Andrew Zimmern's Knife Hacks Every Home Chef Should Know

Ever start a recipe and think, "Wait, what is a food 'matchstick' really supposed to look like?" Or wondered to yourself if you've diced something a quarter of an inch properly? Maybe you don't have time for that nonsense, and your concerns are more hands-on — you've never taken Knife Skills 101 and you're embarrassed by your uneven cuts and poor technique. Embarrassed, you refuse to chop in front of other people and it's really cramping your style when you get together for homemade dinners with your friends. 

Whether you're approaching the problem from the philosophical or purely practical angle, Andrew Zimmern has a solution. As a great chef, Zimmern has an impressive repertoire of talents, and he's certainly got the knife skills to match his cooking chops. Best of all, he's happy to share his best tips with those of us who could learn the most important kitchen knife skills to use on our own. Zimmern tweeted a video where he walks us through four essential knife skills.

Cuts that build on each other

He's already helped us change the way we slice onions forever, and now Andrew Zimmern is showing us how to perfect our knife skills. He first shows us how to cut batons. He starts with simple quarter slices of a cucumber, and makes quick work of those (via YouTube). He then takes those cucumber slices, stacks them, and cuts them into quarter-inch lengths, producing perfect batons. Next, he does the same, but this time, a tad finer: ZImmern makes these slices a slender one-sixteenth of an inch, lays them flat, and cuts them into very thin matchsticks (aka allumettes, since some prefer to keep their culinary conversations in French).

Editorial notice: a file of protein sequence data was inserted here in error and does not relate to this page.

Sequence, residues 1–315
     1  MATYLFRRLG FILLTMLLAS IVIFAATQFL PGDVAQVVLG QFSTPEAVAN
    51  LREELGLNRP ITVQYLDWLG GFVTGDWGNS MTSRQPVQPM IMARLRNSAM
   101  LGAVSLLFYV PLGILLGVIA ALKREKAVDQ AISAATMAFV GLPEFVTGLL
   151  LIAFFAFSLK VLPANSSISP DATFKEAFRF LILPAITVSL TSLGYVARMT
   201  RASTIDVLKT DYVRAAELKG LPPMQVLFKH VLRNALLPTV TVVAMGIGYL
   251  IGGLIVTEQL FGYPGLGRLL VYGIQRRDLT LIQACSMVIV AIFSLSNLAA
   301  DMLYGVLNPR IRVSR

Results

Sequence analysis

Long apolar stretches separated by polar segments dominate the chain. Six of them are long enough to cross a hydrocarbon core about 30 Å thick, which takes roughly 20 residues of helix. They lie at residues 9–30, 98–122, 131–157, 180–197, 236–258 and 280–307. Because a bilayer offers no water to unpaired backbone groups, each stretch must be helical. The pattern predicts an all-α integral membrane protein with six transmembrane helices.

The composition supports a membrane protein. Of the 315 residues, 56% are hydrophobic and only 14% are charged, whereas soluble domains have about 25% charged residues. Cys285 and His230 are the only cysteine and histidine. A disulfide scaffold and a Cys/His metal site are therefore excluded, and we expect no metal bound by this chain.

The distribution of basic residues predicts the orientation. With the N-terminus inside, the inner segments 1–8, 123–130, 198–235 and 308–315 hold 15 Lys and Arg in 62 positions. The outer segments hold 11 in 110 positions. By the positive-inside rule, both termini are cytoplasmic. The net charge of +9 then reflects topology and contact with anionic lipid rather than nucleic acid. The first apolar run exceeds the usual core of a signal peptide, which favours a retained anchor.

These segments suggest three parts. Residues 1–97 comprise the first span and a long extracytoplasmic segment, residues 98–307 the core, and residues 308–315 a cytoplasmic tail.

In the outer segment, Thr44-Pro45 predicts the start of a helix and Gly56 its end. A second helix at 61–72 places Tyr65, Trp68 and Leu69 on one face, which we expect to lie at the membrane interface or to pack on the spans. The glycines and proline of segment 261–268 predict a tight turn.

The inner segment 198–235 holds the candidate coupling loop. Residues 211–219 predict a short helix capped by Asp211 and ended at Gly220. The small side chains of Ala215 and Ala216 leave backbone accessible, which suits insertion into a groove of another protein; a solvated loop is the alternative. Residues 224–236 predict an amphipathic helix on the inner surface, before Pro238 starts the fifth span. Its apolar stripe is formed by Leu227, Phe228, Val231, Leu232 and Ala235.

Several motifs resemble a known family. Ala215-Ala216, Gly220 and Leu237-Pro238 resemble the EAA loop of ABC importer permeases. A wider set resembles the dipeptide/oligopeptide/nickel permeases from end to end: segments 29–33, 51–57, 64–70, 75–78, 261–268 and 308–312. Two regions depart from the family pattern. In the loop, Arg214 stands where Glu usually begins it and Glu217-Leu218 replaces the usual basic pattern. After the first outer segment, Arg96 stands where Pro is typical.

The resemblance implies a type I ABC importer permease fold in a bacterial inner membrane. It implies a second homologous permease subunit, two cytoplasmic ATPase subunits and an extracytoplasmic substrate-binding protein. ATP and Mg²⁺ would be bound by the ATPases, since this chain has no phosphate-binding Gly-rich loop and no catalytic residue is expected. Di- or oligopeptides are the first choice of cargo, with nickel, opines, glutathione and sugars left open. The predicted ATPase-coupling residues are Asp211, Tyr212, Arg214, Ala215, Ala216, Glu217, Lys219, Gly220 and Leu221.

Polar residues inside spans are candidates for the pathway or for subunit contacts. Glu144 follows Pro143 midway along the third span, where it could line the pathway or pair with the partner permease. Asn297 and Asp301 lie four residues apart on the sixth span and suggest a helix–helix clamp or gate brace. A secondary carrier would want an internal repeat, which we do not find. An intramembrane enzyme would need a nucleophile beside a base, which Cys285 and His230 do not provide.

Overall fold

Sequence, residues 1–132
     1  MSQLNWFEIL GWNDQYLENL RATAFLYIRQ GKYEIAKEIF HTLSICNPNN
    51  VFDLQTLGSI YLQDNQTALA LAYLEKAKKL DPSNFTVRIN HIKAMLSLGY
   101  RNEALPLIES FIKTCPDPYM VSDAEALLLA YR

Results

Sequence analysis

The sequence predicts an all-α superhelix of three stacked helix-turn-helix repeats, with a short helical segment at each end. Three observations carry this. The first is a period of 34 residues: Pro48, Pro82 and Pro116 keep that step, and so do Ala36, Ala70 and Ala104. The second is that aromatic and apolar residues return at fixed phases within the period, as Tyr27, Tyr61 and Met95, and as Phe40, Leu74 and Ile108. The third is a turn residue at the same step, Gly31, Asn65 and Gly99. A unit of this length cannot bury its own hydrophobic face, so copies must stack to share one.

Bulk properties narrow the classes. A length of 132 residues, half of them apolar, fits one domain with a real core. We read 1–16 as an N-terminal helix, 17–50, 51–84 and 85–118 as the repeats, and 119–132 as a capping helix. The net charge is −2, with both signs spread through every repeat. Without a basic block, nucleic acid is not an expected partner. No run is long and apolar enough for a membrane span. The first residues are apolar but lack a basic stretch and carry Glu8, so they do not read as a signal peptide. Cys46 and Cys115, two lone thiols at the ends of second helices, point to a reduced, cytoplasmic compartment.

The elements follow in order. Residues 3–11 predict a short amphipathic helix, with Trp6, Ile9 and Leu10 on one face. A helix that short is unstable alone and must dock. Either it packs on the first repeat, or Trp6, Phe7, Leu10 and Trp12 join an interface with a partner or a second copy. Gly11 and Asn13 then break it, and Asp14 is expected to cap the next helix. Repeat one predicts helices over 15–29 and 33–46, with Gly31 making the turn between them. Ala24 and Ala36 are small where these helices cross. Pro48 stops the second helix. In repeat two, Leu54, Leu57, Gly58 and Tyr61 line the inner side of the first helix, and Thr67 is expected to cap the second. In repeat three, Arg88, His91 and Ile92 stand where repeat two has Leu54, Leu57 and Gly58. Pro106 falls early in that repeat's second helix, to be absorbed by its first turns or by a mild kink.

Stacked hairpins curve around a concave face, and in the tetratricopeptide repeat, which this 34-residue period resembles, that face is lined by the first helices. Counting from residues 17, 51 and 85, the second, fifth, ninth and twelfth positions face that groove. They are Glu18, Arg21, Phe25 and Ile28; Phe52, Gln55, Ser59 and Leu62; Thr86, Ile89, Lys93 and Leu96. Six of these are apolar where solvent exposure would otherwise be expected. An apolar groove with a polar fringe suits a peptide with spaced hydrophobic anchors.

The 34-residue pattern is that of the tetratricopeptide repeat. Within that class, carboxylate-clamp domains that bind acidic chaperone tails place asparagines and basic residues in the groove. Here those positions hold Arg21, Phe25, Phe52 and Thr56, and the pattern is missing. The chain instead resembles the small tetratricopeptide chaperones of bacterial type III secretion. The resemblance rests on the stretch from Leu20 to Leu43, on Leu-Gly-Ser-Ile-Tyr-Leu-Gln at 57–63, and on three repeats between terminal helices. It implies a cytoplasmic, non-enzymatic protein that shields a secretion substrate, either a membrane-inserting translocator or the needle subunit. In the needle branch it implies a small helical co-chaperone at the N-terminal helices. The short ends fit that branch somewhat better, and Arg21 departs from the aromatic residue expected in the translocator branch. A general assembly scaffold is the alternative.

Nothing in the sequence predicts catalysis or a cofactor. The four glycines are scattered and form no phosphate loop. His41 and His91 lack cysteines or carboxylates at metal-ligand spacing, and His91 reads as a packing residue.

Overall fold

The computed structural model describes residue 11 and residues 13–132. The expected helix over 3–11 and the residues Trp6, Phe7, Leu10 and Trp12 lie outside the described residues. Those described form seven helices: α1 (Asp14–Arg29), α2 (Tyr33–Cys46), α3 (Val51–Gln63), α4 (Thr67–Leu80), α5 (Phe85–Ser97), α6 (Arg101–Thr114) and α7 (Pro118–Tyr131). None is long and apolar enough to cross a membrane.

What if you want diced veggies? That's a cinch from here: you use those quarter batons, chop them into fourths horizontally, and voilà: perfect quarter dice. For microdice (brunoise), the process is the same: you take the allumettes and make another set of one-sixteenth cuts, providing you with perfect mini-cubes for garnishes, according to Zimmern. 

The chef concludes his video with an encouraging promise, telling his audience that if they practice these techniques, their knife skills will improve "about 300%." As the celebrated chef himself puts it, "Who doesn't want to be able to improve their knife skills and show off to their friends. I do. don't you?" Indeed we do.